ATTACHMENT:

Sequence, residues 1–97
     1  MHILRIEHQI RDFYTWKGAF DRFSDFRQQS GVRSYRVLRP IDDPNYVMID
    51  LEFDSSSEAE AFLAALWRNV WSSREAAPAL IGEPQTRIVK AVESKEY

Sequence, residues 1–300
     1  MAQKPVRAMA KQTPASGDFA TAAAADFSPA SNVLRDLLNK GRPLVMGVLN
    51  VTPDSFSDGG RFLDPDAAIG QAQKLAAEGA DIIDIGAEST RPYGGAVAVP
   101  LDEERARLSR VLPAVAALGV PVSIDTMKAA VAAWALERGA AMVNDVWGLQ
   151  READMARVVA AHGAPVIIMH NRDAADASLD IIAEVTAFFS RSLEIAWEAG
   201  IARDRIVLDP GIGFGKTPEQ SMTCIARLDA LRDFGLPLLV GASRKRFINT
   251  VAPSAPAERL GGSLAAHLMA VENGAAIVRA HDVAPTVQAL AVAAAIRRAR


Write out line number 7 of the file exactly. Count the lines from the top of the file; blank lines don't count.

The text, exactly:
   101  LDEERARLSR VLPAVAALGV PVSIDTMKAA VAAWALERGA AMVNDVWGLQ